My first impression was formed by the NET Metro itself. Quiet, efficient and clean. It gave me the impression of a forward thinking city. Somewhere that is investing in the future, not just clearing up the mess of the past.

I got off in the Gustavson Porter designed Old Market Square. The only reason for this impulsive departure was because it was the only thing about Nottingham that I knew about. So I thought I'd go and have a look. 

Old Market Square showed what can be achieved when the designer is brave enough to take out all of the crap and clutter. That level of emptiness can look terrifying when its on the drawing board, but alongside a building like the imposing, but unfortunately named, Council House it works beautifully. The materials were carefully contrasted with the sandstone slabs used everywhere else in the city and the details and standard of maintenance were top class. However, it was very sad to see that the innovative water feature, which was so important to the original design, was out of commission.

After Old Market Square I followed my nose and tried to spot something interesting and walk towards it. What took my eye was the cities way finding system, an effective network of signs and columns that is effectively a finger post system and a roving Rough Guide rolled into one. Taking the time to read and follow it transformed my experience of Nottingham.

Having seen part of contemporary Nottingham I was cast back in time to the Old Lace  Market. National chains gave way to smaller indie businesses in handsome red brick buildings, side streets and intimate squares. More info panels explained that whilst the city's lace production went back to Saxon times it was Thomas Adams' approach to production and employee welfare that helped put the city on the map.

Having had a glimpse of 19th century Nottingham and the hint of a more ancient past, I thought I'd try to see what the city could reveal about its medieval history. I followed the frequent info panels and found my way to Maid Marion Way, a cruel urban motorway surrounded by grey brutalist car parks, towering facades and stark structures that arrogantly divided the new city from its medieval past. Most British cities have places like this, but the experience was still a bitter disappointment. This area must be a future priority for the city council who will need to unstitch this sorry mess that segregates the city from 1000 years of history.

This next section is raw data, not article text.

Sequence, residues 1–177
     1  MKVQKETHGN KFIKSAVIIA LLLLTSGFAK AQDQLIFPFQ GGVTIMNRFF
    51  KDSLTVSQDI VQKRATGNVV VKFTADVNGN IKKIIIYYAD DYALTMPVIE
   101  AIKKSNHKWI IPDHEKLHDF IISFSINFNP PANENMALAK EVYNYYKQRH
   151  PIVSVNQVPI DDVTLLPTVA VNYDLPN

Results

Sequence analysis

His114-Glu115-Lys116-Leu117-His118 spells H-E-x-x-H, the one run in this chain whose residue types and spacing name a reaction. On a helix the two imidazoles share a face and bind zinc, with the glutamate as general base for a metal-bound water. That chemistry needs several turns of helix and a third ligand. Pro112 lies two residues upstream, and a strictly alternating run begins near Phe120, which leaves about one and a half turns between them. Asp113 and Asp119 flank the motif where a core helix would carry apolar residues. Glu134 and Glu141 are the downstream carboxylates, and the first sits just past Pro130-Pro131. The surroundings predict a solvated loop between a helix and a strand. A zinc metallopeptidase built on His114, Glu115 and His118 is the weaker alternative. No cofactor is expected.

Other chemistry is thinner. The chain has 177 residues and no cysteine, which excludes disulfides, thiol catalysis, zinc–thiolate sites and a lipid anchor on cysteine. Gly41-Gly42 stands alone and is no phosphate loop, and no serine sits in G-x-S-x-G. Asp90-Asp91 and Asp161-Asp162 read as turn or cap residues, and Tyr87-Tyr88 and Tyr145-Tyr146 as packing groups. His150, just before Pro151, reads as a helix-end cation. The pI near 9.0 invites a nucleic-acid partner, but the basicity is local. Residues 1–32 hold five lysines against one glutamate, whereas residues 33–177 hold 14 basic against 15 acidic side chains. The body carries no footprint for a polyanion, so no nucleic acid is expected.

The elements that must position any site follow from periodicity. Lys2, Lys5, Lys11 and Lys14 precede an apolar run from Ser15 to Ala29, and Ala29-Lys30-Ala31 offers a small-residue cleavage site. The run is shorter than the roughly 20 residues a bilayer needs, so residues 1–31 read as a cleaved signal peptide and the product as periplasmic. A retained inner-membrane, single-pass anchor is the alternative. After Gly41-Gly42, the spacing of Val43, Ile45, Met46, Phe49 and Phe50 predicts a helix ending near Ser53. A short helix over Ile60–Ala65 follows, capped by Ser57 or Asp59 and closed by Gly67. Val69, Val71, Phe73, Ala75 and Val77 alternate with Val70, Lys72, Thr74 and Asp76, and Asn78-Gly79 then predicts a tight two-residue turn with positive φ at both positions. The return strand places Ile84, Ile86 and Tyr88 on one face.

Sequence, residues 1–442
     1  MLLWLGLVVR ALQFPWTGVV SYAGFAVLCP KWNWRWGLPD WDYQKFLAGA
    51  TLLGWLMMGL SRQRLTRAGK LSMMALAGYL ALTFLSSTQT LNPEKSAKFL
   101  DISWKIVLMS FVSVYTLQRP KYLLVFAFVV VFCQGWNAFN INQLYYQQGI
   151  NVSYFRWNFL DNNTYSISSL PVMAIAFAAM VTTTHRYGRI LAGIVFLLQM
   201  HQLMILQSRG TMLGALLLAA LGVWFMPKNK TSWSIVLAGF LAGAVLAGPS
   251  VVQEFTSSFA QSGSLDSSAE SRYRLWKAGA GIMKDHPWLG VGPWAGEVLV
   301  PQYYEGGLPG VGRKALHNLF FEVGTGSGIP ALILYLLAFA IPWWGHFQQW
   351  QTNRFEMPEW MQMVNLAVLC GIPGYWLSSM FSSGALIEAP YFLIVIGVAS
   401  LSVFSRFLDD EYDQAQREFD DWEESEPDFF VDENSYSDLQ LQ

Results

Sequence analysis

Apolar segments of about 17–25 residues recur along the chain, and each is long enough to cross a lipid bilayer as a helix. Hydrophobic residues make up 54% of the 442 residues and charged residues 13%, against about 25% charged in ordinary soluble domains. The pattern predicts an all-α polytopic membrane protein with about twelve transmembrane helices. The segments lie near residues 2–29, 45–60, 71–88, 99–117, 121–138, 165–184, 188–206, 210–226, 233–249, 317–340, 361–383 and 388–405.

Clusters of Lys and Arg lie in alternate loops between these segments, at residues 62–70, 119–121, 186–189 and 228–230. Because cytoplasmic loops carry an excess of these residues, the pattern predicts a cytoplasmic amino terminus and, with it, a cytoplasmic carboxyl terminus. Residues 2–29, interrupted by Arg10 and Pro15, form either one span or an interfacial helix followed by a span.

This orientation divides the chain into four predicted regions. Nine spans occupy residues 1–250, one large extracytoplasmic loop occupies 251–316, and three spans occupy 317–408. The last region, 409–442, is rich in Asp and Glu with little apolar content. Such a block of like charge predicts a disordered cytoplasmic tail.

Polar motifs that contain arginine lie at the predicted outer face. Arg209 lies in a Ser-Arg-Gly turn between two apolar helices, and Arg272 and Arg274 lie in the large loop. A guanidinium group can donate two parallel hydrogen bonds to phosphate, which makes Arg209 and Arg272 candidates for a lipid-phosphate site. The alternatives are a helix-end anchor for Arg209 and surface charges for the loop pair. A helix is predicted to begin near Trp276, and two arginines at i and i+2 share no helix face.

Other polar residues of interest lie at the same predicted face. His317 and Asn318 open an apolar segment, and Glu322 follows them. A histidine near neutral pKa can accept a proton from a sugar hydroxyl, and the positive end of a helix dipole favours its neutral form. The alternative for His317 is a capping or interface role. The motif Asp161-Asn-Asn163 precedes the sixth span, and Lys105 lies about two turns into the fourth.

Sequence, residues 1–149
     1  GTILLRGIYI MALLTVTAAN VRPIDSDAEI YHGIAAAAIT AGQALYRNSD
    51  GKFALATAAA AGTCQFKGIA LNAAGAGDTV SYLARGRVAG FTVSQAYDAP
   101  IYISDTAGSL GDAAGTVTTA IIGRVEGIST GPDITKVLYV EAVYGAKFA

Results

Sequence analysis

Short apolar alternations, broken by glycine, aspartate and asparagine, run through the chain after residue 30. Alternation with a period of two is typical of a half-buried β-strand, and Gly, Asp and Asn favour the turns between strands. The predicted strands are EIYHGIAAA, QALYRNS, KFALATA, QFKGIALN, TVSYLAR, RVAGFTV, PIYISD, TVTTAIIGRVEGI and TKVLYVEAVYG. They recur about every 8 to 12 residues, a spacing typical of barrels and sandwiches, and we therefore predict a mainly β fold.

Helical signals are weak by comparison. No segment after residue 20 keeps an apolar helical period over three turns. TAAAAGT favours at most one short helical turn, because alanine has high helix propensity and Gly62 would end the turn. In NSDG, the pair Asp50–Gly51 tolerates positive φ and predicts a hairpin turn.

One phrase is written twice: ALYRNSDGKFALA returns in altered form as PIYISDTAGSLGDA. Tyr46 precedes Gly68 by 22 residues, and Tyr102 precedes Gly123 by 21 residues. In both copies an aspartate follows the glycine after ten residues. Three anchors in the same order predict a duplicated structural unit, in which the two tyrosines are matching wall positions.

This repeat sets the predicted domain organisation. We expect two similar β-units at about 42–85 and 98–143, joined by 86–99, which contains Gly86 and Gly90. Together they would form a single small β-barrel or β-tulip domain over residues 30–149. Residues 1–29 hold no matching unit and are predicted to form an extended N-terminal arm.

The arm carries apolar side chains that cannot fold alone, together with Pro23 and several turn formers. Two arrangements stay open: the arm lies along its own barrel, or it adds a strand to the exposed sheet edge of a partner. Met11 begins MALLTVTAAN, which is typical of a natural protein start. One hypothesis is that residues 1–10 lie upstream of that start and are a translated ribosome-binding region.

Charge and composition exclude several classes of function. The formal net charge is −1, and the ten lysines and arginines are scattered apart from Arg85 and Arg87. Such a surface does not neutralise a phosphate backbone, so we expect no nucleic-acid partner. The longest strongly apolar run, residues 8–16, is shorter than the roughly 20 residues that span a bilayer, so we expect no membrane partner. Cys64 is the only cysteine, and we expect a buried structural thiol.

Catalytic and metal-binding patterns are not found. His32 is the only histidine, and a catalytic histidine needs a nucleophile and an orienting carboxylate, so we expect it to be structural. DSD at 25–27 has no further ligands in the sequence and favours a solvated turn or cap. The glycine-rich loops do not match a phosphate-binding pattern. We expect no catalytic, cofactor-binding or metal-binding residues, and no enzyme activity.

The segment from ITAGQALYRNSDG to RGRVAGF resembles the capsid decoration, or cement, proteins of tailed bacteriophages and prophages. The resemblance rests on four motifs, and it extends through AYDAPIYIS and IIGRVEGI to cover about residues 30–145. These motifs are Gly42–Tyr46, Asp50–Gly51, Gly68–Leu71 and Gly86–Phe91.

Once I'd reached the gates of the Castle I was disappointed to see carelessly located planters, devoid of actual pants (just mud) in front of probably one of the most important buildings in the city. It seems that the attention to detail, so evident in Old Market Square, had not managed to cross Maid Marion Way and had given up and turned back. This wasn't the only example. Other historic buildings, that would be celebrated in other cities, were left marooned in amongst disabled parking bays and double yellow lines. It seemed that the City Council, or certainly departments of it, are guilty of not being precious enough with some of their most prized possessions.

A short walk around the sandstone outcrop upon which sits the castle revealed Ye Olde Trip to Jerusalem, England's oldest inn, dating back to 1189 and a stopping off for medieval squaddies on route to the holy land. I expected to find some of them still there trying to master the most addictive pub game in the whole of Christendom. I was thankful that I got lucky and beat the game after twenty minutes.

In two hours, thanks to the information provided by the city council, I had a good feel for the city, it's past, present and its future. The question that i was left with was: for a city as good as this why does it have such a non-descript national persona? If half of this stuff had been in Liverpool, Manchester or Glasgow the whole world would know about it. In a competitive market place for tourism and business investment Nottingham has more than enough assets to stand out but needs to shout more confidently about what a great little city that it is